Note: This quotes translations from Soren Filipski.
Rilke has a few interesting comments here.
1. After he thanks the poet for the trust placed in Rilke for reading these poems, he...
"cannot comment on the style of your verses: far be it from me to make any critical comment! Nothing can touch a work less than critical words."True? Poets are constantly discoursing on their own and other poets' verses. One suspects these three possible thorny issues:
- He must tread carefully around the poet's beginnings since few begin writing fully formed,
- Maybe he means that criticism can be abstracted too far and stray from the poetry itself, and
- Maybe he means what he says. Criticism is anathema to poetry.
The problem with the last interpretation is that he goes on to say "Having said that," which is his way of negating what he'd just said in regards to discussing criticism.
2. His criticism is multi-pronged. First, the work has "no distinguishing style," which we might call voice today.
3. Next, he talks about the poet's problematic approach of not being "personal": "very hidden and concealed."
4. This point flows from the last although it leads to quite a different tack. Rilke discourages the young poet's search for affirmation and guidance from magazines and other poets. One wonders what Rilke would have made of the current MFA system. He writes:
"No one can advise and assist you.... Go into yourself [to examine the depths from which your life springs]. Seek out the reason that commands you to write; discover if it has stretched out its roots into the deepest part of your heart, admit to yourself whether you would have to die if it were forbidden you to write.... [I]f this should be so..., then build your life around this necessity... down to its most indifferent, most trivial hour."Coincidentally, here is a Guardian article where the novelist hung up her quill. Another seemingly successful (at least highly praised) writer--also frustrated with the system yet still committed--linked to it to discuss the novelist's decision but ultimately deleted it. It is a sign of weakness and shame for writers to discuss the difficulty of publishing. It is grueling the amount of rejection a writer must endure. A few are successful out of the gate, or after they gather momentum. But momentum can falter. For every J. K. Rowling, there are a hundred, a thousand committed writers doing the same thing yet don't succeed. They might have had better skills even. But she made it. Writing is not just commitment and hard work, but also a little luck in finding the vein that happens to be the current or soon-to-be zeitgeist.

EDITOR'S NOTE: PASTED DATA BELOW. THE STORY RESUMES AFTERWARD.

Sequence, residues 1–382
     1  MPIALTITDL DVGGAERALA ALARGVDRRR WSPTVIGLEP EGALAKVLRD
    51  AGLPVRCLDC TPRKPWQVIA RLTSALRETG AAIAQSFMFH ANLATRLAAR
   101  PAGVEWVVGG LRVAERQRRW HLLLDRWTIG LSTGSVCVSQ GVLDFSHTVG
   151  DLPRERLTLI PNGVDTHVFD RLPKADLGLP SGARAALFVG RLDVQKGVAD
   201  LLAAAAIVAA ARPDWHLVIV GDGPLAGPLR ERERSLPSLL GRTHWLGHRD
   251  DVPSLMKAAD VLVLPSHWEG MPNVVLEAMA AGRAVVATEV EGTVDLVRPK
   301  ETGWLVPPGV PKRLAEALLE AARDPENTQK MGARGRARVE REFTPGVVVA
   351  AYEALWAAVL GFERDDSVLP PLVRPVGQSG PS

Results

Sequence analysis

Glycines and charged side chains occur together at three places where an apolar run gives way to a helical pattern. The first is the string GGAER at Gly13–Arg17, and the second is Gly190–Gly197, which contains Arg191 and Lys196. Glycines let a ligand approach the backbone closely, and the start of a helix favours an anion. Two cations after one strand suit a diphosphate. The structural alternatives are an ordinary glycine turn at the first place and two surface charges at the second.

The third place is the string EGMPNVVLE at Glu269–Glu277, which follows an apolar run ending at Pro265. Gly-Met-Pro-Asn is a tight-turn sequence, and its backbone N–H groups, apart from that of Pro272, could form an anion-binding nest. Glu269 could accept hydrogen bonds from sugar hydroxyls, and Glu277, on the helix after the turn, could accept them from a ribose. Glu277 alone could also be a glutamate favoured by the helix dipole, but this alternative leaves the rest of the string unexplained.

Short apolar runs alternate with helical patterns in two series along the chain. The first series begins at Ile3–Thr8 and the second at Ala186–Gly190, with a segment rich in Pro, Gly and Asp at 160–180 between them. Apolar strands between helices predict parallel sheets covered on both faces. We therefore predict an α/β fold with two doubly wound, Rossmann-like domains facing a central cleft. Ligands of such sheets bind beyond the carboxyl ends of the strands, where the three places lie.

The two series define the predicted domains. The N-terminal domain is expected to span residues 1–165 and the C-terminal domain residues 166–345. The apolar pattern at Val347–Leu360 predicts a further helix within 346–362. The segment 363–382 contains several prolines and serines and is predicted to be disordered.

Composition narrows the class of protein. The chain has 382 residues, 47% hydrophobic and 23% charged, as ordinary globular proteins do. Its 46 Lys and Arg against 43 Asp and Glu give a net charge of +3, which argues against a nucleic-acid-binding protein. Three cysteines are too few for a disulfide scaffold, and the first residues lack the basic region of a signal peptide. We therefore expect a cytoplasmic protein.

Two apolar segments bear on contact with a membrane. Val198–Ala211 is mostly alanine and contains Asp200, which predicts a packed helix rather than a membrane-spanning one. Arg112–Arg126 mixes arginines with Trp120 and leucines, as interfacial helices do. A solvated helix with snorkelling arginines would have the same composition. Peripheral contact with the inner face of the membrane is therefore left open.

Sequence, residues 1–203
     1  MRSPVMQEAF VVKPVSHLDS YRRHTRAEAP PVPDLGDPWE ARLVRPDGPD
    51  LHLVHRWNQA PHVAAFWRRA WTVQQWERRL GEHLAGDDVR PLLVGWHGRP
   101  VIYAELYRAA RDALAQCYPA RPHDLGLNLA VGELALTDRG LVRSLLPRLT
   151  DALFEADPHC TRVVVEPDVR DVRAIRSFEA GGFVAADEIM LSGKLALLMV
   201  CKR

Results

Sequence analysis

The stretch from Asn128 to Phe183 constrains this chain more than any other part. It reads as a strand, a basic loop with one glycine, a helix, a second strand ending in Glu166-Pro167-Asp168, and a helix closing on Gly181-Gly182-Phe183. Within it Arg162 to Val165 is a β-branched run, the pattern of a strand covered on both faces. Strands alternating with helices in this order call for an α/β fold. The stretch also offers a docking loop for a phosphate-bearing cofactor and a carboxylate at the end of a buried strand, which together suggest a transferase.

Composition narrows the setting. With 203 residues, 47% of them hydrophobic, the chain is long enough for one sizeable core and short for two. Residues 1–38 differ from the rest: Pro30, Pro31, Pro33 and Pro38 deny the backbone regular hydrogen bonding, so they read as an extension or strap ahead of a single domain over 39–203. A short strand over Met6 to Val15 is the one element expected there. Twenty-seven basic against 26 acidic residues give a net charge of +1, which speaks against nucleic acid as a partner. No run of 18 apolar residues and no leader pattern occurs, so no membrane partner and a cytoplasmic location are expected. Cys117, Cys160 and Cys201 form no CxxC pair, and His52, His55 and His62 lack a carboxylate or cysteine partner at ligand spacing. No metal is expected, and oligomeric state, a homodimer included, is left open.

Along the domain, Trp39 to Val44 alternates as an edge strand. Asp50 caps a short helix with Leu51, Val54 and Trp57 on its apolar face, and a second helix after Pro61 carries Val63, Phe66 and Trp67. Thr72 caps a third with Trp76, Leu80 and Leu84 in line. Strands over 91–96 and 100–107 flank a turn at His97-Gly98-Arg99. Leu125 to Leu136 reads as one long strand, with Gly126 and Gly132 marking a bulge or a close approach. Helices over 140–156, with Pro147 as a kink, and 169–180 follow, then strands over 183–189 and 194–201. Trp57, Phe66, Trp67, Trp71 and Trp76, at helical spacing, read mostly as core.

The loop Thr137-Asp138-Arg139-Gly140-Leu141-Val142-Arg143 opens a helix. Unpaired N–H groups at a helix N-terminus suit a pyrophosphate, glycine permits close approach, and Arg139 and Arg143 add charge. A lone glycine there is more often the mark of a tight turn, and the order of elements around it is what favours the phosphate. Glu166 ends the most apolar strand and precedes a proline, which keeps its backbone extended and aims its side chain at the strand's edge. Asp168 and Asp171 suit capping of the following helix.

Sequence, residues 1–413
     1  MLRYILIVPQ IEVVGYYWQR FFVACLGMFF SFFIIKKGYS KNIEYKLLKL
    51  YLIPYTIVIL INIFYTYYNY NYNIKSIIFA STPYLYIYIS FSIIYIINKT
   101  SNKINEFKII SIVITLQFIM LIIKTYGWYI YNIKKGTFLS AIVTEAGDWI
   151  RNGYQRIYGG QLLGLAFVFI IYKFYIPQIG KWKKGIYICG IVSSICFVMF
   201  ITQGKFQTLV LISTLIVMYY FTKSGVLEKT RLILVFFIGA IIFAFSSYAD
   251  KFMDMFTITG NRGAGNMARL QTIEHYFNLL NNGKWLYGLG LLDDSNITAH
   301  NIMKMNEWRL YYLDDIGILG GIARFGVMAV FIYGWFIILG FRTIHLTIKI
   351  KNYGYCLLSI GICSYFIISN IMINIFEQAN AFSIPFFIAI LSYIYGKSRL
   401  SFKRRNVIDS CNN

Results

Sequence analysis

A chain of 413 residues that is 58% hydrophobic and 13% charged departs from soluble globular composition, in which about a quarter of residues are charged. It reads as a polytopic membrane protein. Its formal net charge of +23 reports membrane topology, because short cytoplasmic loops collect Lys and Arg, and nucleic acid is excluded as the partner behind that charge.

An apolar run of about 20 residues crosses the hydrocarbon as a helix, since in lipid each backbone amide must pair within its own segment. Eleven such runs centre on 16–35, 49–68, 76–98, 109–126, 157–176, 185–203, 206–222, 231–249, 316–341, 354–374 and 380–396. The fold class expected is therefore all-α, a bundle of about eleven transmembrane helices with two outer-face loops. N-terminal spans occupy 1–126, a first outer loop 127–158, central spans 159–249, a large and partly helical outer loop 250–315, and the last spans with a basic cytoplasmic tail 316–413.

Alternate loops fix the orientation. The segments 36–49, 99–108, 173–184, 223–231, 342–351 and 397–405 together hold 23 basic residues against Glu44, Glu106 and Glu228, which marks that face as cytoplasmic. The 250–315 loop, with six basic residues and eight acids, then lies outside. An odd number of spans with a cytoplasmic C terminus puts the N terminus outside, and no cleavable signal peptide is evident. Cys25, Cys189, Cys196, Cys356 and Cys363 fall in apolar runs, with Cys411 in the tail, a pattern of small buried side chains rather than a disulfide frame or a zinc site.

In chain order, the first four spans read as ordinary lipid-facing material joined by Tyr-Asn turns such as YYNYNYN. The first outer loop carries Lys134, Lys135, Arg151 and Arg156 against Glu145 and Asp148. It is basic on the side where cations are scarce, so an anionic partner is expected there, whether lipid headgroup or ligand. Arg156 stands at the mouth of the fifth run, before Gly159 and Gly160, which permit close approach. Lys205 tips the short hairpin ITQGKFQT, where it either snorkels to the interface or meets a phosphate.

It makes sense, then, that poets might not measure their worth against magazines. Think of Kay Ryan and her not gaining momentum until later in her career, which makes one wonder, why? Imagine how poorer the poetry world would be without her vision had she given in to discouragement. It is hard not to. Maybe writers should be more forthcoming about this, instead of stowing it in a broom closet.
5. Rilke also lists what should be written about (not love, he says, perhaps forgetting Shakespeare, or rather, that one needs more skill in writing about love). I'm not sure how useful this prescription is, except it might keep a poet from growing maudlin or overly sentimental. The items he lists as good poetry topics go back to the personal discussed in 3.: sorrows, desires, thoughts, faith in beauty, dream images, objects from memory, childhood. Those, however, might bare similar traps to the unwary.